MIllions of cigarettes destroyed

2013-05-31 17:53

(Shutterstock)

Multimedia   ·   User Galleries   ·   News in Pictures Send us your pictures  ·  Send us your stories

Johannesburg - Eleven million contraband cigarettes have been destroyed in Musina, the Tobacco Institute of Southern Africa (Tisa) said on Friday.

"Over two days, starting yesterday [Thursday] more than 1001 mastercases were destroyed, or 11 million cigarettes," said spokesperson Francis van der Merwe.

"The excise lost to the government was R6m. This [destroying cigarettes] was an ongoing thing."

Last year Tisa destroyed between 80 and 100 million contraband cigarettes, with 340 million destroyed in 2011.

Van der Merwe said eight and three million contraband cigarettes were destroyed last week in KwaZulu-Natal and the Western Cape respectively.

Tisa destroyed the cigarettes at their own cost as part of a partnership with government. Its aim was the destruction of one billion contraband cigarettes a year.

"Last year, South Africans smoked between eight to nine billion cigarettes.

"We have to destroy them by the millions. This is what we do in our partnership with government," he said.

"After government seizes them, we destroy them under their provision. We are sending a message out there that we will not tolerate this."

The impact of contraband cigarettes was large, with government losing billions in tax and the industry losing the same in revenue, said Van der Merwe.

Last year, government lost more than R12bn due to contraband cigarettes.

Around 7.7 million people in South Africa used tobacco products.

He said Tisa, beyond destroying the cigarettes, worked with police, customs, and security agencies in sharing information cigarette manufacturers gathered on the market.

They also assisted government in training officials, who worked at border posts, for example.

"About 30% of the cigarettes in the market are illegal. When you are a smoker, make sure you buy a legal product," he said.

About 55% of all contraband cigarettes in 2012 were made in Zimbabwe, with countries such as Mozambique and Swaziland used as means of entry into South Africa.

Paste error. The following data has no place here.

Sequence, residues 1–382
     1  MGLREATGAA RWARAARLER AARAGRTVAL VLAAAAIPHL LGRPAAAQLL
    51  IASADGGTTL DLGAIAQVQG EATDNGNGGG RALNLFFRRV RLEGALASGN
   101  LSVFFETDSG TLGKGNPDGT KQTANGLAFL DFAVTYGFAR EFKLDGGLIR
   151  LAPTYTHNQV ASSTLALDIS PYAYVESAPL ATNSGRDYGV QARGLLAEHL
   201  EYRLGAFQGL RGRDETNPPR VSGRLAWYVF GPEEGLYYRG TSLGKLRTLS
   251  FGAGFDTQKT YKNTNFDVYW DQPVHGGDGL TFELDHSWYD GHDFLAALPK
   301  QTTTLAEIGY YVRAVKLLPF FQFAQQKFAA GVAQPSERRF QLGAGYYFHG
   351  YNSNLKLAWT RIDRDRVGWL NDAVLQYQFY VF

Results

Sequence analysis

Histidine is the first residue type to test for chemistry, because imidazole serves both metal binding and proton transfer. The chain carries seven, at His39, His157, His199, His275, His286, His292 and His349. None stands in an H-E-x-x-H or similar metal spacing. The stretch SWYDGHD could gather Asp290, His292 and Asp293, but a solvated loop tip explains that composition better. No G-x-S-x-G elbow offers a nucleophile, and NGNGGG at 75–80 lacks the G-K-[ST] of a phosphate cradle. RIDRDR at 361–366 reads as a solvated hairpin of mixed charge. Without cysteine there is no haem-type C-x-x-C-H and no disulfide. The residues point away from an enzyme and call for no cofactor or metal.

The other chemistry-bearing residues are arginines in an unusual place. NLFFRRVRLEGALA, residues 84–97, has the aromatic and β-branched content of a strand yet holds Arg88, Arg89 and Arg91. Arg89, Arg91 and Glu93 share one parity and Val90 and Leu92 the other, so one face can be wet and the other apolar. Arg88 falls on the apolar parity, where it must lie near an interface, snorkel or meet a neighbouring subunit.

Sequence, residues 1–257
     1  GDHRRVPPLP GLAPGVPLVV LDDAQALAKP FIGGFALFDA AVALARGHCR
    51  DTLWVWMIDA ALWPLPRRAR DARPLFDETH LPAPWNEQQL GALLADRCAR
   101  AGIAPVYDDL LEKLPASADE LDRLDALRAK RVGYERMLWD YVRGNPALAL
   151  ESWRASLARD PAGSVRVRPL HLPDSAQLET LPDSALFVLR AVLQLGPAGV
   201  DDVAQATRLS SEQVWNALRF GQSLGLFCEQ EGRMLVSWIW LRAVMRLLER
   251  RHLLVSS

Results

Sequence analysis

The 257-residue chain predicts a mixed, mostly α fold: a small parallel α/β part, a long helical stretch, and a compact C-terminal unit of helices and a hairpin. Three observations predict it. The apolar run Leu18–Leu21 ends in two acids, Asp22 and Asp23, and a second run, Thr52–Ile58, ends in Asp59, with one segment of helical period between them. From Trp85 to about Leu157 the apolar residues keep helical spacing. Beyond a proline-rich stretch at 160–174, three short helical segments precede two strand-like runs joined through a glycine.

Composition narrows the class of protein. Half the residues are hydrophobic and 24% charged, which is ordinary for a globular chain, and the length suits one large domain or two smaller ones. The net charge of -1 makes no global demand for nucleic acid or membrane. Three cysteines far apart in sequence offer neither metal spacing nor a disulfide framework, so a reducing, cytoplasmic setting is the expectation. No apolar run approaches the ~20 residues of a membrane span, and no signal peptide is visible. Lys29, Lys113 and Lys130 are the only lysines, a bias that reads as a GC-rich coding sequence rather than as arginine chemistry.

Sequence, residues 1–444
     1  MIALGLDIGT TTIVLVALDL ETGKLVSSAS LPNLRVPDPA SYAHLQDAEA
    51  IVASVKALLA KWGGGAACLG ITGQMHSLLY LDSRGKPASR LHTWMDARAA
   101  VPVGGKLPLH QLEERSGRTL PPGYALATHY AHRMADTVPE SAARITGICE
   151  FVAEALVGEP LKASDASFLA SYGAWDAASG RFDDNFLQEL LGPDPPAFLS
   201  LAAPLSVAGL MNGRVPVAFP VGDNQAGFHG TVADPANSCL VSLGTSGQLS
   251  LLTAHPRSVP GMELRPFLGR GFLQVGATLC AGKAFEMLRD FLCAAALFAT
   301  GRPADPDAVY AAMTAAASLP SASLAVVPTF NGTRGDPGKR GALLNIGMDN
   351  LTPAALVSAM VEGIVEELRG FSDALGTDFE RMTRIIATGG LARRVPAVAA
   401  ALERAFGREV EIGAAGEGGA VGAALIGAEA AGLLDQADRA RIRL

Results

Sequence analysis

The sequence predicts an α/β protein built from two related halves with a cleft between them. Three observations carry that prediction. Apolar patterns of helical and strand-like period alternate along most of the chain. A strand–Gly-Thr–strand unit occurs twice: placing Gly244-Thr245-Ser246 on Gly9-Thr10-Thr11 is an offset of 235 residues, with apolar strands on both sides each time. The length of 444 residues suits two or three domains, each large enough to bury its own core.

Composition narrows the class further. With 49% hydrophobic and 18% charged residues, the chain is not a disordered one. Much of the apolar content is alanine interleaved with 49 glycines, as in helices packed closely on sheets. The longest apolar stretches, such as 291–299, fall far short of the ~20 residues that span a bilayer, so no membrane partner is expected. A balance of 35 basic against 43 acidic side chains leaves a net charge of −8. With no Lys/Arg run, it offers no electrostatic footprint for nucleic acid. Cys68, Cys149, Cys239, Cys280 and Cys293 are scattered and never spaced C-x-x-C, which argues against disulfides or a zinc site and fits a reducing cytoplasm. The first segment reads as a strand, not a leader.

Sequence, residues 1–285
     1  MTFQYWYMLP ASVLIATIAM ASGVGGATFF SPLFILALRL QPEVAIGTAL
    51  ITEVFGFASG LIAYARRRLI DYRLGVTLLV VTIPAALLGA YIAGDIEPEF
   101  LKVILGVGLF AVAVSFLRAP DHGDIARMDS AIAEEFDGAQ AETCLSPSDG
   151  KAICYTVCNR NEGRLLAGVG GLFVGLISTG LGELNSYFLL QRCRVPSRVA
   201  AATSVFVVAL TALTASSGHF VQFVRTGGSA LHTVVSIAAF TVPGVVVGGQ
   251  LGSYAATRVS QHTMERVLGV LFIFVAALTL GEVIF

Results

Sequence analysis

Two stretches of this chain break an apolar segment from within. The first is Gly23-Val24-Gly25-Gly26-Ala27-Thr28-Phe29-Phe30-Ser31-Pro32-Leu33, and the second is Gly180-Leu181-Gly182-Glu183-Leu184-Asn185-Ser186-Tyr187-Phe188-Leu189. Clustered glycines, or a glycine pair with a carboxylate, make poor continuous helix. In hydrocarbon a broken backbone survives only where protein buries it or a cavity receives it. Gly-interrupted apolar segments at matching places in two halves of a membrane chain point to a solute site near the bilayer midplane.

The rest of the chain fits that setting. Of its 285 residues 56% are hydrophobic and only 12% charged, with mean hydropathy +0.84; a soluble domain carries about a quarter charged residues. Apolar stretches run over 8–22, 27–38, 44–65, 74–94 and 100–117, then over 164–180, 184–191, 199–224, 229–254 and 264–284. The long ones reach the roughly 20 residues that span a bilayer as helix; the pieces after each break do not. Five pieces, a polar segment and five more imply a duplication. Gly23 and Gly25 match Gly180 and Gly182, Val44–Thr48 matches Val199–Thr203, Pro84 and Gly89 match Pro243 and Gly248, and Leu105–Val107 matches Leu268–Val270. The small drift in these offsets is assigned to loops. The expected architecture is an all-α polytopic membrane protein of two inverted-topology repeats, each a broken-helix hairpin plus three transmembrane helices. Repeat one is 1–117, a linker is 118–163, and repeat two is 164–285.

"More than 30% [of contraband cigarettes] are manufactured locally," said Van der Merwe.

He said the only people benefiting from contraband cigarettes were criminals.

Join the conversation!

24.com encourages commentary submitted via MyNews24. Contributions of 200 words or more will be considered for publication.

We reserve editorial discretion to decide what will be published.
Read our comments policy for guidelines on contributions.

24.com publishes all comments posted on articles provided that they adhere to our Comments Policy. Should you wish to report a comment for editorial review, please do so by clicking the 'Report Comment' button to the right of each comment.

Comment on this story
15 comments
Comments have been closed for this article.

Inside News24

 
PARTNER CONTENT
INFOGRAPHIC: New thinking required for retirement

Everything we believe about retirement is fast becoming outdated.

PARTNER CONTENT
WATCH: How education can change a life

A university education gives students the chance to create a better future for themselves, their families and to opportunity achieve their dreams.

/News

Book flights

Compare, Book, Fly

Traffic Alerts
There are new stories on the homepage. Click here to see them.
 
English
Afrikaans
isiZulu

Hello 

Create Profile

Creating your profile will enable you to submit photos and stories to get published on News24.


Please provide a username for your profile page:

This username must be unique, cannot be edited and will be used in the URL to your profile page across the entire 24.com network.

Settings

Location Settings

News24 allows you to edit the display of certain components based on a location. If you wish to personalise the page based on your preferences, please select a location for each component and click "Submit" in order for the changes to take affect.




Facebook Sign-In

Hi News addict,

Join the News24 Community to be involved in breaking the news.

Log in with Facebook to comment and personalise news, weather and listings.